Jimenez found time to run away from her food stand to scream at the umpires when they ruled a no-catch on a Burlington Bees hit to center field which ended a fifth-inning no-hitter for Elotes ace pitcher Chris Vallimont.
Appropriately for Regina’s heritage, the LumberKings are in the first year of a two-year agreement with the Miami Marlins. The LumberKings are the only remaining charter member of the Midwest League and are in their sixty-fourth consecutive season of play. More than 230 Clinton players have graduated to the major leagues.
Between 1959 and 1965 the LumberKings were affiliated with the Chicago White Sox. Future Cy Young Award winner, convicted felon and organ player Denny McLain was a member of the 1962 Clinton C-Sox. He was eighteen years old and had just graduated from Mt. Carmel High School in Chicago. In 1962 McLain threw eight complete games and struck out ninety-three Midwest League batters over ninety-one innings. McLain will be celebrated at 7pm on August 16 in a bobblehead giveaway depicting him in his Clinton uniform. He will be in Clinton to sign autographs, pose for pictures and throw out the ceremonial pitch. McLain is touched by the honor. He was not included in the Detroit Tigers commemorative bobbleheads that celebrated their 1968 World Championship team. McLain won thirty-one games in 1968.
The LumberKings are one of a handful of community-owned teams in minor league baseball. They are governed by a twenty-six-person board of directors. In 1937, a share in the team’s ownership cost $10. Ted Tornow has been Clinton’s general manager for twenty-one years.
“The drawbacks of community-owned is that if you need a big renovation, you have to go to the community and get the money,” Turnow says in a post-game interview after fixing the clubhouse washing machine. “When we did our [$3.6 million] renovation in 2006, we had a manager, a hitting and pitching coach and a trainer. We didn’t have a strength and conditioning coach, a video coordinator. Big league clubs are strict on nutrition. They have to have so many proteins and carbohydrates. We didn’t have that before. There’s no room in the clubhouse right now. We don’t have a full kitchen. We didn’t think of a video room in 2006. I don’t know if it will pan out. We’ve never made a cash call in my twenty-one years here. The years we’ve made money it has gone back into the facility in partnership with the city.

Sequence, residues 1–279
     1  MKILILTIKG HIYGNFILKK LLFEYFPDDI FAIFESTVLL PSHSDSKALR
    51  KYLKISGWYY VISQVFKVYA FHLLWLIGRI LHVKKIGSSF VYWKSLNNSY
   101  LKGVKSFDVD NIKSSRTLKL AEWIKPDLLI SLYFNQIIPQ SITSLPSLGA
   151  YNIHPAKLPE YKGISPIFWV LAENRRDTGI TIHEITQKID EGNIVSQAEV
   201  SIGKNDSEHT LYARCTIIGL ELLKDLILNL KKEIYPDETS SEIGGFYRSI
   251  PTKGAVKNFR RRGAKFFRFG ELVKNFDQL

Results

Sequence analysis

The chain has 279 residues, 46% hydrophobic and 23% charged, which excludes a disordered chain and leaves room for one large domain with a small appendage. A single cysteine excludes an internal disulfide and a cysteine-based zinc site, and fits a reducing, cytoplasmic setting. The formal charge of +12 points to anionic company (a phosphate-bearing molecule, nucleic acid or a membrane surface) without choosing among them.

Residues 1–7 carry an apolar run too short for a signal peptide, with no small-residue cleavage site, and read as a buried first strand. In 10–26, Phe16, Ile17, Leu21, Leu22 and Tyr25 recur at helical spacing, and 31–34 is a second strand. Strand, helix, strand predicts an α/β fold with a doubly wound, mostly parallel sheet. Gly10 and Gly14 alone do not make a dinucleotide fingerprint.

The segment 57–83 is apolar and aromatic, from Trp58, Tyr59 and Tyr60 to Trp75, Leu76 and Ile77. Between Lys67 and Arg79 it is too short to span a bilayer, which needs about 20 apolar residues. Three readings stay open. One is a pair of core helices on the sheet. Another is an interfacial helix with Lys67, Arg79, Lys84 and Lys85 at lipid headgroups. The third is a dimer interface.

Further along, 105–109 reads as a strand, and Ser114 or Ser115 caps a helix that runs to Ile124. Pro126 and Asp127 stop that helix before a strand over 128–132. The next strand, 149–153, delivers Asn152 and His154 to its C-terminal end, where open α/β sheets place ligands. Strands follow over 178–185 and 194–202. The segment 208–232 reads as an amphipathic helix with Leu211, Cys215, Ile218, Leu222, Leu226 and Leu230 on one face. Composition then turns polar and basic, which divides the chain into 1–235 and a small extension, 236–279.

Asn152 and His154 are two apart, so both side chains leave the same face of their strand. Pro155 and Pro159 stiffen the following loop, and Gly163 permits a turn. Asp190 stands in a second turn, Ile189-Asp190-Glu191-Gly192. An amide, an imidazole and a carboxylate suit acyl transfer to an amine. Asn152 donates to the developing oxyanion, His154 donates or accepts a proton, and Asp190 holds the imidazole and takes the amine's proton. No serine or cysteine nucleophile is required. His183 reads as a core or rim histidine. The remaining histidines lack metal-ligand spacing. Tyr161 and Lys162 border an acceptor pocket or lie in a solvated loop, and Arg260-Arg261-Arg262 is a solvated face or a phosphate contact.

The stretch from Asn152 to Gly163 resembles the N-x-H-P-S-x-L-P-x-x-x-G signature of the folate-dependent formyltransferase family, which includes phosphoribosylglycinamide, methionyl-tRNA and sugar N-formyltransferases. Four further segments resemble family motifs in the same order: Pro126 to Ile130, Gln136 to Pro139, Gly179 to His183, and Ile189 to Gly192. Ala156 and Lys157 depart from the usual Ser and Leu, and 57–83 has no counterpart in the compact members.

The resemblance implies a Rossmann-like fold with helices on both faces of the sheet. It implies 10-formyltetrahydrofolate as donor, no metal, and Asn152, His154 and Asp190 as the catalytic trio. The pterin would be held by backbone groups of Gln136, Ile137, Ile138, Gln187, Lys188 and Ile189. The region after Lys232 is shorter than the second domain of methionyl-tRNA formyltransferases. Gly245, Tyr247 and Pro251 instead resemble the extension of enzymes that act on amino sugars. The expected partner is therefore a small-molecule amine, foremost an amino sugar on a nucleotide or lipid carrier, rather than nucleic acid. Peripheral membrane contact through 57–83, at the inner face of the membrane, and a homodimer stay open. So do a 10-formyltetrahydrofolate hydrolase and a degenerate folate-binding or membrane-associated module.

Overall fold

“The advantages? Oh, my. We have approximately a thousand shareholders and owners. They go back to 1937, so we’re in the fifth generation of people that have owned shares. Do they all live in Clinton, Iowa? No. Do they all have an interest in keeping the team here? Every single one of them. The shareholders run the scoreboard, they take tickets, they work the beer committee. So we save money on payroll. It shows complete community spirit, of ‘Hey, we want to keep this place alive.’” Even the green box seats from the 2006 renovation were sourced from Custom-Pak blow molding in Clinton.
“There are precious few ballparks that so successfully combine the old and the new… and any community trying to figure out what to do with a historic, old facility should use this ballpark as a blueprint,” the popular Ballpark Digest writes. “It is a scene right out of a Norman Rockwell print.” Indeed, grandstand fans can see the former Ohio River Company Omar Riverboat (circa 1935) in the Mississippi River. She is now used for summer stock theater. The original galley area and crew’s quarters became the Clinton Area Showboat Theatre.
Turnow says, “This is a must-see stadium. You can sit five feet from the players. We don’t have anything like a jumbotron. Nothing fancy. It’s just this. We get people from Chicago here all the time.”
And why does he stay, summer after summer?
He looked down at an old grandstand seat and answered, “My ex-wife asked me that. And my current wife asked me that. It’s home. It’s similar to where I grew up in the sixties and seventies, Menasha, Wisconsin outside of Appleton. To be part of this is a dream come true. This is the crossroads of the Midwest.”